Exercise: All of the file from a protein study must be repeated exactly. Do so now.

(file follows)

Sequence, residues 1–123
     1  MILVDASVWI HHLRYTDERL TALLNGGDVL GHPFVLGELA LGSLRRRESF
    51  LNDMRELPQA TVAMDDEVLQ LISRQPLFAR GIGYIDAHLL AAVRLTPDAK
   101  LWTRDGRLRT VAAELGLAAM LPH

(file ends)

Sequence, residues 1–123
     1  MILVDASVWI HHLRYTDERL TALLNGGDVL GHPFVLGELA LGSLRRRESF
    51  LNDMRELPQA TVAMDDEVLQ LISRQPLFAR GIGYIDAHLL AAVRLTPDAK
   101  LWTRDGRLRT VAAELGLAAM LPH